Body Construction

There are four main ways to build a demountable camper. The traditional way is the coachbuilt method of timber frame assembled with mechanical fasteners.  The frame is generally covered on the inside with thin plywood and with an alloy or GRP skin on the outside. Insulation material is placed between the skins but as the frame itself creates multiple thermal bridges condensation is pretty much inevitable.  At one time nearly all coaches, caravans and motorhomes were built this way but these days you’ll only really find it used in demountable campers.

The modernised version of this is the pressure ‘sandwich’ panel. There is still a timber frame but as the inner ply skin is now a stressed/structural part the frame can be lighter. Rather than  being stapled, screwed or nailed together, the inner skin, frame and insulation material for each panel is now assembled and glued together in a pressure press.  The completed panels are then screwed together to create the body.

The fully composite vacuum sandwich panel does away with the timber frame altogether and typically uses GRP for both inner and outer skins, both of which are structural.  The panels are created entirely within a vacuum press before being  bonded to each other to create the finished body. There are variations on the theme using carbon fibre of aluminium alloy in place of GRP skins, but the principle and core advantages are the same.

The final method is GRP moulding. This method will be familiar to anybody involved in boating or yachting and is perhaps the most proven of the lot.  It requires by far the biggest initial investment but has a number of very real advantages and not being restricted to flat panels gives much greater freedom of design.

Before we move on to the pros & cons of the various methods above, perhaps we should have a quick look at the Chinese manufactured 4×4 and demountable campers recently appearing in the US and (to a lesser extent) here in Europe. They masquerade under various different brand names and as you might expect are aimed primarily at low cost/low quality markets.  Various manufacturing methods are employed including timber framed, alloy framed and GRP moulding, but all are focussed on rapid low cost production rather than meeting the demands of the end user they have no place in this discussion.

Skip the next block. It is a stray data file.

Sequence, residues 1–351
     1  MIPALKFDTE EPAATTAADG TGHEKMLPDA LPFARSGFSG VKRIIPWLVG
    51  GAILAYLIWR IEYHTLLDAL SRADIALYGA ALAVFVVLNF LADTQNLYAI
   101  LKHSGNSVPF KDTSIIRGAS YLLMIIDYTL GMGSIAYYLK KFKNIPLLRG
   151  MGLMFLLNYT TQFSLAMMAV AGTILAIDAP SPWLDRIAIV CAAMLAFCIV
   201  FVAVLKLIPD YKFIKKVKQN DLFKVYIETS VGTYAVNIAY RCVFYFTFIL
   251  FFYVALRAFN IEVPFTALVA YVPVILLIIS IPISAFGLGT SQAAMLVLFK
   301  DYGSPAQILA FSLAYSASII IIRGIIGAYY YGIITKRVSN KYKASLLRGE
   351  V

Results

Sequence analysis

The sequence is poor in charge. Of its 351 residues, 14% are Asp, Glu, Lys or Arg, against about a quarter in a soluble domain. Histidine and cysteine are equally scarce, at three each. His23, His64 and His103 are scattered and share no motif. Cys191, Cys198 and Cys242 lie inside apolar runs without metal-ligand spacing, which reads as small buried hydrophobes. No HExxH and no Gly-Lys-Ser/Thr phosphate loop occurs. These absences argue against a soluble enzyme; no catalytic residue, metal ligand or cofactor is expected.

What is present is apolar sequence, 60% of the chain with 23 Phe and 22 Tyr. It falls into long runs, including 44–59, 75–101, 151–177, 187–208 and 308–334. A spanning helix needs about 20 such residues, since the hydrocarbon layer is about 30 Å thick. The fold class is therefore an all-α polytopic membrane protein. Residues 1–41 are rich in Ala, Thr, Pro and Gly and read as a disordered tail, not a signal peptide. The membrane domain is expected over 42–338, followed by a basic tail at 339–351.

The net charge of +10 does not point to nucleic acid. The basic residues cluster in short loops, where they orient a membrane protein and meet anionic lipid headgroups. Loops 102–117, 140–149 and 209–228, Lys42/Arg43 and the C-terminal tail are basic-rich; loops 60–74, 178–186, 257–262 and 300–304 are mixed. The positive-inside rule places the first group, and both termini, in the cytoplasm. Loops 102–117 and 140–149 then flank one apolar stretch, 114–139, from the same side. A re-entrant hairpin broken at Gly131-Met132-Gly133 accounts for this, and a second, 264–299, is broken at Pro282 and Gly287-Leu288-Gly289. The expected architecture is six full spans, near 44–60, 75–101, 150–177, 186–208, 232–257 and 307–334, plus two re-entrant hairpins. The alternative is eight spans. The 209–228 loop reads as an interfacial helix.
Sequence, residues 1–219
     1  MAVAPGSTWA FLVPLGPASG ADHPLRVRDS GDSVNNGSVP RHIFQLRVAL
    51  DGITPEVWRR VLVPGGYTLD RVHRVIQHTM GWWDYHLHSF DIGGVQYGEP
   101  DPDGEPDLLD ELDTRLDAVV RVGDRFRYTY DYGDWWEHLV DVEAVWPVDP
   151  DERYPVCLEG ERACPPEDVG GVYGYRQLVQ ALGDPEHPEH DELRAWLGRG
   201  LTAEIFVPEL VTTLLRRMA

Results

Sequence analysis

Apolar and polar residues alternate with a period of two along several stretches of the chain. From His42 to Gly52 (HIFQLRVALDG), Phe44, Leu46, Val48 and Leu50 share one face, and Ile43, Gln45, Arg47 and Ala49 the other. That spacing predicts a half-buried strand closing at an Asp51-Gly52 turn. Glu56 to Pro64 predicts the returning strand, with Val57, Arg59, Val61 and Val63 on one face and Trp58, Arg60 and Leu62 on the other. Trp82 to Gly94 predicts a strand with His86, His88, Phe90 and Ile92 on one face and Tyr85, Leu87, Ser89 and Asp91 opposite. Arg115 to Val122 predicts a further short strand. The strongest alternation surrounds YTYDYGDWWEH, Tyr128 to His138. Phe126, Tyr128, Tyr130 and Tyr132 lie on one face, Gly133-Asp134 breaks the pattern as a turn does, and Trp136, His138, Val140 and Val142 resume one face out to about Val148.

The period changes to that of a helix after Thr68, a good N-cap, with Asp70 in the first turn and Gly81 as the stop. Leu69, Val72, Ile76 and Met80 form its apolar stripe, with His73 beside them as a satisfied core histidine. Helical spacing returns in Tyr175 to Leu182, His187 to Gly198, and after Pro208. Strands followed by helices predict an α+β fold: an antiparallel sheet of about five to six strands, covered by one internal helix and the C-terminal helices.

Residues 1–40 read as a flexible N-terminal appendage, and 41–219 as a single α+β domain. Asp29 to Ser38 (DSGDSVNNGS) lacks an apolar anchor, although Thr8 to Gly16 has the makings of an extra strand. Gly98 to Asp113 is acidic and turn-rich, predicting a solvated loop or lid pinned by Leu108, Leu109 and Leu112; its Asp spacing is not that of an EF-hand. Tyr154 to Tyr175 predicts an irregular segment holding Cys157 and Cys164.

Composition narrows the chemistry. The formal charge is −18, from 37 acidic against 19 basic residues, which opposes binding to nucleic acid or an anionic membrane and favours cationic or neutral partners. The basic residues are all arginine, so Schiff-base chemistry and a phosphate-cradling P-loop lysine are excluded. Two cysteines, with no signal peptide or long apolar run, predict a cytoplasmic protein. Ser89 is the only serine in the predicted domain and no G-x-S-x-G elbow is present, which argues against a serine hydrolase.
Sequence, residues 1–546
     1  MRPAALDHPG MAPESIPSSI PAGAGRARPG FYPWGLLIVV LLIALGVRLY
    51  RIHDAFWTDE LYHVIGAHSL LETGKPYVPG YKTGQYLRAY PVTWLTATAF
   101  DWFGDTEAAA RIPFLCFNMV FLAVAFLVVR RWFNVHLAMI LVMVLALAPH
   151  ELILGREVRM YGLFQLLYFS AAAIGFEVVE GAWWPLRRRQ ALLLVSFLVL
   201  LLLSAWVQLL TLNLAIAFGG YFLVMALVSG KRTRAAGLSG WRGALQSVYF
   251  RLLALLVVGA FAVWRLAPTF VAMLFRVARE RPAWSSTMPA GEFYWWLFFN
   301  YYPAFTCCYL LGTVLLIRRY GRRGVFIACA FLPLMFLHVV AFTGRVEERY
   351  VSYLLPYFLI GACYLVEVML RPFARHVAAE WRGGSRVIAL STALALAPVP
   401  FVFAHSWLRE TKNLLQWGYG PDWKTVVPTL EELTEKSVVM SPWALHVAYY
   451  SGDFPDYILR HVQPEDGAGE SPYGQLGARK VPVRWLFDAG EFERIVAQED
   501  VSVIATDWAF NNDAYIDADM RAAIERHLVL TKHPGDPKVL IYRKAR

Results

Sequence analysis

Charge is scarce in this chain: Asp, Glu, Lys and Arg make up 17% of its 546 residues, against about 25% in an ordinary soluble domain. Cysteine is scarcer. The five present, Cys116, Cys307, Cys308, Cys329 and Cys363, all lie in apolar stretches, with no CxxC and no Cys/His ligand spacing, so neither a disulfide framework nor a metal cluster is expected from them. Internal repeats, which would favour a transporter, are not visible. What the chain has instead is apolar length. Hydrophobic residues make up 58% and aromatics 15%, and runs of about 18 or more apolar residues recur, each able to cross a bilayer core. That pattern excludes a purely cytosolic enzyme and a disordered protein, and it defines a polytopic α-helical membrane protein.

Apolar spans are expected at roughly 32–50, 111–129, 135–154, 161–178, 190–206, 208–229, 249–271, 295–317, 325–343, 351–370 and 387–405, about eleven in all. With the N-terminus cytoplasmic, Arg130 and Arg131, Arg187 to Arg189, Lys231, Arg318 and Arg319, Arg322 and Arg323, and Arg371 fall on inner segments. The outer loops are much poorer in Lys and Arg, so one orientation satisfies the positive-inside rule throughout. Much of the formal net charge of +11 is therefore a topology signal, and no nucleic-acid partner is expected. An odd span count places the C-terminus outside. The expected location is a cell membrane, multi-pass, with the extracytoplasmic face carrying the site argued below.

Returning to the main methods. Each has it’s pros and it’s cons.


Traditional coachbuilt with timber frame (popular with US, UK & Scandinavian manufacturers)


Pros:

Easy & Cheap to build

Easy to make custom sized/shaped cabins

Cons:

Heavy

Poor strength to weight ratio

Poor insulation (frame creates thermal bridges)

Susceptible to leaks & rot


Sandwich Panel with timber frame (popular with large scale continental manufacturers)


Pros:

Relatively easy &  cheap to build

Reasonably light

Reasonably strong

Well suited to mass production

Cons:

Poor insulation (frame creates thermal bridges)

Structure susceptible to rot in the event of damage or leakage


Fully bonded composite sandwich panel (As Herman & Dutch Campers. Popular with high end expedition camper manufacturers)


Pros:

Light weight

Strong and durable

Very long life expectancy

Excellent insulation without thermal bridges

Not prone to leakage

No timber frame to rot.

Relatively easy to repair

Easy to make custom sized/shaped cabins

Cons:

Expensive to manufacture

Not well suited to mass production


GRP moulded (Example: Gazell)


Pros:

Relatively light

Extremely strong and durable

Exceptional long life expectancy

Good insulation without thermal bridges

No possibility of leakage

No timber frame to rot.

Easy to repair

Well suited to series production

Cons:

Expensive tooling and setup costs

Not possible to produce custom sized/shaped cabins


Vacuum infused GRP moulded (no current manufacturers):

Pros:

Incredibly lightweight

Potentially the strongest and most durable construction

Exceptional long life expectancy

Good insulation without thermal bridges

No possibility of leakage

No timber frame to rot.

Easy to repair

Well suited to series production

Cons:

Highly technical process requiring great skill for successful results

Low strength and poor integrity unless perfectly executed

Very expensive tooling and setup costs

Not possible to produce custom sized/shaped cabins